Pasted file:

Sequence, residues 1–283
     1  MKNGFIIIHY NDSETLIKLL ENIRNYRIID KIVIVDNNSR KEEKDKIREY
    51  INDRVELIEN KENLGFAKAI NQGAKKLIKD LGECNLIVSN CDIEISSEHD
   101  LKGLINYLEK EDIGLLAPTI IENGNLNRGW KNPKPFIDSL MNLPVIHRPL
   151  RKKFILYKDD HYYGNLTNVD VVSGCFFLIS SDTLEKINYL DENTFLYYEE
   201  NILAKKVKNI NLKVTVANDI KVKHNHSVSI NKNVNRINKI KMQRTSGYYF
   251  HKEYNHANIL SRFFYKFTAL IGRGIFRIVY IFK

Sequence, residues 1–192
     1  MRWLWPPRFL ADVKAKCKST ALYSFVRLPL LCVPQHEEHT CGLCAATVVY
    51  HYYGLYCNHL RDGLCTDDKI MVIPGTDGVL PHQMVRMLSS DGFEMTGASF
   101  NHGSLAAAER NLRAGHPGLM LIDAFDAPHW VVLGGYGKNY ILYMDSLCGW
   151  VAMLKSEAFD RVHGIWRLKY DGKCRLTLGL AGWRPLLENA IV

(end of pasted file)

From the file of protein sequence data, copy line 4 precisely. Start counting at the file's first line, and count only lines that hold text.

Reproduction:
   101  LKGLINYLEK EDIGLLAPTI IENGNLNRGW KNPKPFIDSL MNLPVIHRPL